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I was watching a YouTube video to understand the concepts of hoop/circumferential stress and axial/longitudinal stress in thin-walled cylinders and their formula derivation.

So the formula of the Hoop Stress: $$\sigma_{hoop}=\frac{(p * r )}{t}$$

where $p$ is the internal pressure of the cylinder, $r$ is the internal radius of the cylinder, and $t$ is the thickness of the cylinder,

The formula of Axial Stress: $$\sigma_{axial}=\frac{(p*r)}{2t}$$

My question is: They have mentioned in the video that since the axial stress is less than the hoop stress, then the thin walled cylinder is more likely to experience failure along its axis than along its circumference.

I still don't agree that just because the stress along its axis is smaller than that along its hoop, then it is more likely to undergo failure along its axis.

The stress is meant to resist deformation, and to resist the applied force. The axial stress is smaller just because the internal pressure applied along the axis is smaller than the pressure applied along the hoop.

So yes the axial stress is smaller than the hoop stress, but on the other hand the applied internal pressure is less along the axis than it is along the hoop of the cylinder.

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Actually, the pressure inside the vessel is uniform and constant everywhere. What happens is that geometry results in reduced stresses in one direction and not in the other.

There may be some confusion here with respect to stress and pressure being the same thing. Although they share a few similarities ($\frac{F}{A}$ and units $[Pa] or [psi]$, they have a few differences, like stress being a vector, while pressure being a scalar quantity.

It is nice to go through the derivation of the axial and the hoop stress to understand why this happens. The video appears to go quickly through the steps of derivation.

What you should understand is that independent of the pressure the stresses in the circuferential direction are always greater than the axial stresses.

Practical application (tongue in cheek): Try putting a straight hot dog wiener in a saucepan or on a grill.

enter image description here

It is in its own right a thin waled pressure vessel. As you heat it up, pressure rises and so do internal stresses (hoop and circumferential). At some point, one of the two increases over the maximum allowable stress of the material. What you get, (almost invariably) is the following.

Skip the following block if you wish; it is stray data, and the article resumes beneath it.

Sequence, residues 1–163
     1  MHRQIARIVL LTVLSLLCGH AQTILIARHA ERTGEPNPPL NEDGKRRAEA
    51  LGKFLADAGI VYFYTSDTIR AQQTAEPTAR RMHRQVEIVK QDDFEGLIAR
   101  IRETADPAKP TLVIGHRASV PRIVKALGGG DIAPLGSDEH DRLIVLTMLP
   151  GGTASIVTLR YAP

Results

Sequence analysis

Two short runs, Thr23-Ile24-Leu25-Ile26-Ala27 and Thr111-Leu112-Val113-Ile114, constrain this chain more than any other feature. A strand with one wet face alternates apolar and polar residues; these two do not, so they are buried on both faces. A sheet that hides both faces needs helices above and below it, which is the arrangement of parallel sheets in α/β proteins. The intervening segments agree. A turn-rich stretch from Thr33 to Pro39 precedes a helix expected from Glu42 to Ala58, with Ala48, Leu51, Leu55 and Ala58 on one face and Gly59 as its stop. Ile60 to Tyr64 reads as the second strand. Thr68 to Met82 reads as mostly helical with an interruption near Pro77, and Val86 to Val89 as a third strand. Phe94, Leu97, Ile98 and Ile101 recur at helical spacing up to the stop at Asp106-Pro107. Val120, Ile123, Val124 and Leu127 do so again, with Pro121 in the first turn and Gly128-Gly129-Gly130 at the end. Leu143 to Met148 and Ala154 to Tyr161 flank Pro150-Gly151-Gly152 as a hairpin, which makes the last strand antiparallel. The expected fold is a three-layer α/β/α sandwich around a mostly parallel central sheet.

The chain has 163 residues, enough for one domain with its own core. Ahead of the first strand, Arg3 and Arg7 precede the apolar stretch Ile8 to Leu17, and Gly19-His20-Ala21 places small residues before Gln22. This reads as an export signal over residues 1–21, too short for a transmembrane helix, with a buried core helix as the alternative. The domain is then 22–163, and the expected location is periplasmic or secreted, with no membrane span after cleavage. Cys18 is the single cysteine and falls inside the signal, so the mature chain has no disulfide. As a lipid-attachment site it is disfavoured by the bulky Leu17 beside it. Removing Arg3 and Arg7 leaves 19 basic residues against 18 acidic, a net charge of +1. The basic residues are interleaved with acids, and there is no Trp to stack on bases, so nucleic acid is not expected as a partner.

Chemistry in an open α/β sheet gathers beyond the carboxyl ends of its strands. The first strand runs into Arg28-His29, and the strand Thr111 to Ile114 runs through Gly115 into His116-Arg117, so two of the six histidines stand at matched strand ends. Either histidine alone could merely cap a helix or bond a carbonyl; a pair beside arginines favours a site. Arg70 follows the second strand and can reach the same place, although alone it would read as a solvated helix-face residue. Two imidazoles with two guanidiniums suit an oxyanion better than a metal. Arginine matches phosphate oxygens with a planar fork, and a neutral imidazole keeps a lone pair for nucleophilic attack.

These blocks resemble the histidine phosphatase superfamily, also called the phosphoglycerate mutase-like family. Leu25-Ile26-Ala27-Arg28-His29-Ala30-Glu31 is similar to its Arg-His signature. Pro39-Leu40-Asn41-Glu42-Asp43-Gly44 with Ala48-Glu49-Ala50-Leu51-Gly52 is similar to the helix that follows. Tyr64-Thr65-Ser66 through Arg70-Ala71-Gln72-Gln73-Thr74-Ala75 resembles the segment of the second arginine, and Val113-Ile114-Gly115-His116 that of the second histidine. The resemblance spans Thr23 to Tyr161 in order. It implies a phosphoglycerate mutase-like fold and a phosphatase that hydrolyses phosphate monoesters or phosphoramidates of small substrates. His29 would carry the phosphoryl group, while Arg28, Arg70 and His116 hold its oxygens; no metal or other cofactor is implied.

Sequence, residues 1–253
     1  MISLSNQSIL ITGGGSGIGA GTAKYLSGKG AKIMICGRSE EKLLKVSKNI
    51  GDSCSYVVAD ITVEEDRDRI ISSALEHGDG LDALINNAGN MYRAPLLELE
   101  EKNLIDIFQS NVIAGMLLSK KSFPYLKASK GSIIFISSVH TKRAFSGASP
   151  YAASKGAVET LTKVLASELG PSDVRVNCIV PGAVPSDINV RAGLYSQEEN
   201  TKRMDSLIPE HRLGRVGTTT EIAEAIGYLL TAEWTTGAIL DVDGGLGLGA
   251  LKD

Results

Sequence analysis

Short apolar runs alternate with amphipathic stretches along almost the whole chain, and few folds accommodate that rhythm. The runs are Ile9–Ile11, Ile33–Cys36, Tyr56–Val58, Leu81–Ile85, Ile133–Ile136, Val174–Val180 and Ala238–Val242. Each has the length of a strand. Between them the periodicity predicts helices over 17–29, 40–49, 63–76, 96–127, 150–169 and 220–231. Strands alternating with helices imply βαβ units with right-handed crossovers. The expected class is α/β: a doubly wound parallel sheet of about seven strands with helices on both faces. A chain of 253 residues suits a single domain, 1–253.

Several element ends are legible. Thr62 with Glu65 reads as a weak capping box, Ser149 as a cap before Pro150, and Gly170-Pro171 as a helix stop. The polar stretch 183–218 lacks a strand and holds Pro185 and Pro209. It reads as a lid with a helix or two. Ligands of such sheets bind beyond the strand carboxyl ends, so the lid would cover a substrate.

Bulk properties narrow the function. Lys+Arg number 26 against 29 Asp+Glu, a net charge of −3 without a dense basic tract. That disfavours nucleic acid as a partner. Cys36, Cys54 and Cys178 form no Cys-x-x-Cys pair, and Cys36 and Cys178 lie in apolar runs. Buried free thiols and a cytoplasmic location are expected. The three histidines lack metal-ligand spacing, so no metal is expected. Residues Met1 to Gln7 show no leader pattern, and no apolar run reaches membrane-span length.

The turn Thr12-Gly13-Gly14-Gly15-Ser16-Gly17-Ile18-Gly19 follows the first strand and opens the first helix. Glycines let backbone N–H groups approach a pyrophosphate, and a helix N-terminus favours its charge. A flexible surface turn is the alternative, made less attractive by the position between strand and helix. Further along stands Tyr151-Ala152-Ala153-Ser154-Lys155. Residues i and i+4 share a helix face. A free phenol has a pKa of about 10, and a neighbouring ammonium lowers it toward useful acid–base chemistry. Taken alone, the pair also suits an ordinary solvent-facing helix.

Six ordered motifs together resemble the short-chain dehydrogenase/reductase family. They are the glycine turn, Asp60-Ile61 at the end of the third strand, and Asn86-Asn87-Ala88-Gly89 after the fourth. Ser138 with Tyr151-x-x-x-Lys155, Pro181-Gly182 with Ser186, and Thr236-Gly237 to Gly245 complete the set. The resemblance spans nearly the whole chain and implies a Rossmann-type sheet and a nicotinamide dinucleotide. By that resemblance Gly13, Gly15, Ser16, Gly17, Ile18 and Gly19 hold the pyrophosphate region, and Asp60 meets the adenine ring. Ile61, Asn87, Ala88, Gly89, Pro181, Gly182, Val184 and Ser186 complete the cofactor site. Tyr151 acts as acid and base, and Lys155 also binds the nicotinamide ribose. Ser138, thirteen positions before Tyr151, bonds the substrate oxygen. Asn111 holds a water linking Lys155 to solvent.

enter image description here

Bonus to avoid the meat getting out of the hot dog what you can do is use a knife to make slits, like so.

enter image description here

What this do is: a) They relieve internal pressure b) if crack start to develop, the slits arrest the development of the crack early on.

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  • $\begingroup$ Thank you for your answer and information, especially for the nice examples of everyday life. $\endgroup$ – Unknown Sep 27 at 12:51
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In the old days we used the formula- Stress = PD/2t , and the hoop stress was twice the axial /longitudinal stress . Pressure vessel heads were usually half the thickness of the walls because of the lower stress relative to the walls.

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  • $\begingroup$ Thank you. So, since the stress at the hoop of the cylinder is twice the stress at the hemispherical ends, then the cylinder is made in such a way that the thickness at the ends is half the thickness at the hoop? And according to the formula, when we increase the thickness, the stress decreases, so to compensate the decrease of stress at the ends, we decrease its thickness. Am I thinking right? $\endgroup$ – Unknown Sep 27 at 18:24
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    $\begingroup$ Yes , but more a matter of cost than adjusting stress. The vessel heads may be thinner . But there are other factors , such as shell penetrations may all be in the heads to keep the shell "clean". Then the heads may be thicker to meet ASME requirements for reinforcements at shell penetrations . $\endgroup$ – blacksmith37 Sep 27 at 20:26
  • $\begingroup$ Thank you. What do you mean by shell penetrations? Like making small holes in the heads, that could decrease the internal pressure, so when the thickness is small then its easier to make penetrations? $\endgroup$ – Unknown Oct 2 at 10:54
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    $\begingroup$ By penetrations I mean a few 8 " and 4 " holes in an 8 ft, diameter head. The attached pipe would have at least a one inch wall thickness. For process flow, hydrogen injection and instrumentation. $\endgroup$ – blacksmith37 Oct 2 at 16:24
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    $\begingroup$ By not having shell penetrations ,the stress calculations are much simpler. $\endgroup$ – blacksmith37 Oct 2 at 16:26

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